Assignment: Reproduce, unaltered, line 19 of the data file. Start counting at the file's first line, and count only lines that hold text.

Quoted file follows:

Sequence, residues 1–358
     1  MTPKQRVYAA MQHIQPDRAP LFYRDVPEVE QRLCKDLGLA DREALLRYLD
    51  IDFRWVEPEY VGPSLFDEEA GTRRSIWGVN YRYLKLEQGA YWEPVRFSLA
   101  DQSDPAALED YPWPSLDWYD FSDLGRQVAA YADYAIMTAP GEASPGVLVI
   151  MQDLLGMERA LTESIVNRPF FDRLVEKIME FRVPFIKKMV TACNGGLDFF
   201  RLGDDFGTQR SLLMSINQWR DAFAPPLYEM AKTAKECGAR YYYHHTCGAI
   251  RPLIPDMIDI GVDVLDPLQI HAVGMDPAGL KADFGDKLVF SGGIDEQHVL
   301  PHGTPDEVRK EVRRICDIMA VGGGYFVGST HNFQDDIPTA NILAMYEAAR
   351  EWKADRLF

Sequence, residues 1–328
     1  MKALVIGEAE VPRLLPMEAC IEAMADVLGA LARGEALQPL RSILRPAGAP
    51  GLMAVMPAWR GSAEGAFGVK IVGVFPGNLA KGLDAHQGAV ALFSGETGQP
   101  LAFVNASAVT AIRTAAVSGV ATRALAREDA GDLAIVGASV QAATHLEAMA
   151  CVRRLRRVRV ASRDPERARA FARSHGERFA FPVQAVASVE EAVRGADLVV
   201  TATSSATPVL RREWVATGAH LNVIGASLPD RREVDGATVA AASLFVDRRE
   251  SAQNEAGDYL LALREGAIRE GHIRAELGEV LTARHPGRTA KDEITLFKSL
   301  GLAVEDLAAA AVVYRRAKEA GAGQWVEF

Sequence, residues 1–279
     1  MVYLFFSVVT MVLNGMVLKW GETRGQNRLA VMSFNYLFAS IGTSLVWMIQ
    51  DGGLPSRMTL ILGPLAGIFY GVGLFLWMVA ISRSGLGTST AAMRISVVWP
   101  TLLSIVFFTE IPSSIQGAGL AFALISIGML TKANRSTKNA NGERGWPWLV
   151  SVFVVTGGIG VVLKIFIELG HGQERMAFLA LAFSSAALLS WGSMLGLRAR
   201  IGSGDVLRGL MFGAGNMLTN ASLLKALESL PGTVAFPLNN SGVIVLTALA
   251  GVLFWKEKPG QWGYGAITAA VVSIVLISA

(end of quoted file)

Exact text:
     1  MVYLFFSVVT MVLNGMVLKW GETRGQNRLA VMSFNYLFAS IGTSLVWMIQ